Bay Meadows racetrack development deferred past 2004
- Published Saturday, November 1, 2003, in the San Mateo County Times
Ponies may run at track into '05
By Malaika Fraley
SAN MATEO -- Negotiations are under way to keep the Bay Meadows Race
Course operating beyond 2004, a track spokesman said Friday.
Magna Entertainment Corp., the largest racetrack operator in the
state, and property owner Bay Meadows Land Company are in talks to
extend Magna's current lease, which expires on Dec. 31, 2004,
according to track spokesman Tom Ferrall.
The news comes as Bay Meadows ends its fall meet -- Sunday is the last
day of live racing -- to the delight of activists campaigning to stop
the historic racetrack from being developed into a high-density
"That is really terrific," said Linda Schinkel, who formed Citizens
for Responsible Community Growth ["N.I.M.B.Y."] with fellow Shoreview
residents in response to Bay Meadows Land Company's proposal to build
2.1 million square feet of office space, 100,000 square feet of
retail, and 15,000 housing units on the track's 83 acres.
"That would certainly contribute to more time to explore more
possibilities or options to keep the track running," Schinkel said.
The potential lease extension became possible because Bay Meadows Land
Company's application with the city's Planning Department is moving
slower than anticipated.
San Mateo project planner Stephen Scott said the draft Environment
Impact Report on the project won't be complete until at least
mid-January. It had been expected to be ready this fall.
The EIR will look at both the Bay Meadows Phase 2 plan and the city's
own transportation corridor plan for the two-mile strip between the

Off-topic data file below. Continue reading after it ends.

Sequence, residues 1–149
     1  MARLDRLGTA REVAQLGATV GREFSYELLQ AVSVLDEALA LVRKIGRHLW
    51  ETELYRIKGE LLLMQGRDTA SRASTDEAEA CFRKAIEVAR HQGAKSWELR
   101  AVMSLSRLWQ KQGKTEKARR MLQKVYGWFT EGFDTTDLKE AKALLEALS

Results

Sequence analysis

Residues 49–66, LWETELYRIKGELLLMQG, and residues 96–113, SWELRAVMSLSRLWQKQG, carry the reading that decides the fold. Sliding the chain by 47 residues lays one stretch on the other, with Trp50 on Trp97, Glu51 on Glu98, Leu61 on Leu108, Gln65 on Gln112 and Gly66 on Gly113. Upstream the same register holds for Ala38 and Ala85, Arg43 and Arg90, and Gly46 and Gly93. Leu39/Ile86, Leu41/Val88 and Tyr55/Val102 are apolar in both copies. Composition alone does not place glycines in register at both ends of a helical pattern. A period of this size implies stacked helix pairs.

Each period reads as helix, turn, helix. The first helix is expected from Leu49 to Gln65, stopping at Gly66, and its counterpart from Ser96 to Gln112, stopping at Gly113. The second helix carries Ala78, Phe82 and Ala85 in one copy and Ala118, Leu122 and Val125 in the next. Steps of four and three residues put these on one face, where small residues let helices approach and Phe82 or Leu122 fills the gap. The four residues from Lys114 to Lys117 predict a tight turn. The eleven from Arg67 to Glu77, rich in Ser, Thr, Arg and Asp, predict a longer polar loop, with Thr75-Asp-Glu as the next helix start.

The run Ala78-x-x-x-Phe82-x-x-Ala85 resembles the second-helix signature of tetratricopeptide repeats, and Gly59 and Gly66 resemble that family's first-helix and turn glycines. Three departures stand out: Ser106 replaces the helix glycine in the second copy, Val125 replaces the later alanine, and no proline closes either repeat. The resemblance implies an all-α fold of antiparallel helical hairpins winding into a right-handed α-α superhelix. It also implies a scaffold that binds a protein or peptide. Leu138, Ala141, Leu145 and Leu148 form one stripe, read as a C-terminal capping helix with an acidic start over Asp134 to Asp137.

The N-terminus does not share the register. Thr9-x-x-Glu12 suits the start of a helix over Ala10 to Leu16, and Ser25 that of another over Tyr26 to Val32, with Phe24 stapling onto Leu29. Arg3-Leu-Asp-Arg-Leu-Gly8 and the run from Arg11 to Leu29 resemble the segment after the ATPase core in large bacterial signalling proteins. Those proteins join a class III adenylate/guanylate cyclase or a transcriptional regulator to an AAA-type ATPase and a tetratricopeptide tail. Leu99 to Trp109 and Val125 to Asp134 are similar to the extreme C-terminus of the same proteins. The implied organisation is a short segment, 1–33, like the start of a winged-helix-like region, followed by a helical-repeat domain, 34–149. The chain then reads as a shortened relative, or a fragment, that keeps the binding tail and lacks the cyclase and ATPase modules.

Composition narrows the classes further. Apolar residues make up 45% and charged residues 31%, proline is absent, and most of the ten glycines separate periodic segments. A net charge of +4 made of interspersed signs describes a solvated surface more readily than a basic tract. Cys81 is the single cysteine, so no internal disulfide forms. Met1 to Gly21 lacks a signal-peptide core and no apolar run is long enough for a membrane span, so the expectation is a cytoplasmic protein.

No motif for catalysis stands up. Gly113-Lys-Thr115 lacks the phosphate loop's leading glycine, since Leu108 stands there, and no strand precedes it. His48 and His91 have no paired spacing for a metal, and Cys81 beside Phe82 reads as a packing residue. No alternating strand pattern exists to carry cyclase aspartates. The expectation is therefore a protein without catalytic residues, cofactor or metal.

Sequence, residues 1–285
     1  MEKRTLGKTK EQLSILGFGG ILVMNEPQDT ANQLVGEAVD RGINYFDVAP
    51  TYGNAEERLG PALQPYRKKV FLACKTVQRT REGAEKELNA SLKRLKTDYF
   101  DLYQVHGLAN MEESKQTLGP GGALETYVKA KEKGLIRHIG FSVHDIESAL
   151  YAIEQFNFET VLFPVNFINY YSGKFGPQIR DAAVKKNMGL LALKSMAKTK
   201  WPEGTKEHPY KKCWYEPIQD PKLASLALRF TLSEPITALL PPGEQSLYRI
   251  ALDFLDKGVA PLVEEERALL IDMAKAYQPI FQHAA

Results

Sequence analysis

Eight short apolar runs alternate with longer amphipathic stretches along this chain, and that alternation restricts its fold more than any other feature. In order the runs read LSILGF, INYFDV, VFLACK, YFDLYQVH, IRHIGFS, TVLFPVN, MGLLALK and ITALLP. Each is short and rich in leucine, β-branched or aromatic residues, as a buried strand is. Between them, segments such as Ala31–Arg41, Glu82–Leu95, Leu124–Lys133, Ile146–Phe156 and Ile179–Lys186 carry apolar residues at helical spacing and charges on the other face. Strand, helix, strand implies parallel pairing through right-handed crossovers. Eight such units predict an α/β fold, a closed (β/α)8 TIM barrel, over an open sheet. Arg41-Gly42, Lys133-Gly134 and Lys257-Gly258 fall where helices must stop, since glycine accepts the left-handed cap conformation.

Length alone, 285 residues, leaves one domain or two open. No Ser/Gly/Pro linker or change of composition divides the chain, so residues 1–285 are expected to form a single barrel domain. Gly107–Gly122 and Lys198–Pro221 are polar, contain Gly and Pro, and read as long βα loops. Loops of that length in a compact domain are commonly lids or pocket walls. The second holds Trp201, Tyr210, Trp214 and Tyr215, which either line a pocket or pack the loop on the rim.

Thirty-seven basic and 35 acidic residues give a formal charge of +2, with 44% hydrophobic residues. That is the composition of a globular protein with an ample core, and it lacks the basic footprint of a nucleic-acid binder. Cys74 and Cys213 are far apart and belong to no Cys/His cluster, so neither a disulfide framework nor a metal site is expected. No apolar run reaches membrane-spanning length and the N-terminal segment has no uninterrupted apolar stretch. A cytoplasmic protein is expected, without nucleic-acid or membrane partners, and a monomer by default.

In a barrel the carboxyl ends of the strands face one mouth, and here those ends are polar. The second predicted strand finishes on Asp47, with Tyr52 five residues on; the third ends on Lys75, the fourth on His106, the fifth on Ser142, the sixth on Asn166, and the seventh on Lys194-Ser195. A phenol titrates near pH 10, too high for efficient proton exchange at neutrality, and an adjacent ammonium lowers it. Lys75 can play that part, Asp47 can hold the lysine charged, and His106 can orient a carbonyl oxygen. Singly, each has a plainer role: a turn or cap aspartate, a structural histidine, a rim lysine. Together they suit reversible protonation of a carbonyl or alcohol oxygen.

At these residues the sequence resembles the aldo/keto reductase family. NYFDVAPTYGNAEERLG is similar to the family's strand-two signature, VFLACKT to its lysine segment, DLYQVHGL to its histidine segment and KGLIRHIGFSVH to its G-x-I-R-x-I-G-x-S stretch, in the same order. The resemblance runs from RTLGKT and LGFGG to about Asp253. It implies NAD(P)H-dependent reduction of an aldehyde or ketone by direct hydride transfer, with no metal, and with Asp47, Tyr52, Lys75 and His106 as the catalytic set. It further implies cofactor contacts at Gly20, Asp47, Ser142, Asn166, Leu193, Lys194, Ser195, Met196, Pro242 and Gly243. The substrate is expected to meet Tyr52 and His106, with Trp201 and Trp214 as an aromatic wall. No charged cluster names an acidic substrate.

Hillsdale and Hayward Park Caltrain stations, an area that includes
the track. <http://www.corridorplan.com/san_mateo/default.asp>
Magna purchased the track for $2.4 million in November 2000, and this
would be the second time its lease has been extended. It plans to
continue operations in San Mateo until development plans are final.
Farrell said attendance dropped 1 percent, but revenue increased
during the Bay Meadows' fall season, which opened in late August.
"It's been a very good meet. The total, overall handle went up 2
percent," Farrell said.
Bay Meadows was built in 1934 by William P. Kyne, the man credited
with bringing horse racing back to California by spearheading a
campaign to legalize pari-mutual betting after wagering on horses was
outlawed by the state.
The oldest racetrack in California, Bay Meadows was the site of
numerous firsts, including the photo finish, night racing,
quarter-horse racing, the first horse transported by airplane, the
daily double, and the electric starting gate.
Despite the track's historical significance in San Mateo and the world
of horse racing, Schinkel said a lot people haven't been aware of
plans to do away with the track.
Her group and another grassroots organization started by residents in
the Beresford-Hillsdale neighborhood, Save Bay Meadows, have been
spreading the word.
Save Bay Meadows spokeswoman Donna Bischoff said she hopes to present
as many as 4,000 signatures from people who want the track preserved
next month at the City Council and County Board of Supervisors
meetings. Schnikel's group has collected a number of signatures as
"It seems that people involved in this (planning process) are seeing
the track's closure as inevitable, but what were talking about here is
a big zoning change," Schnikel said, noting the land is zoned for
agriculture and Bay Meadows Land Company is proposing a high-density
"We don't see it as being inevitable, and we don't think it's as done
a deal as people close to the project seem to think."
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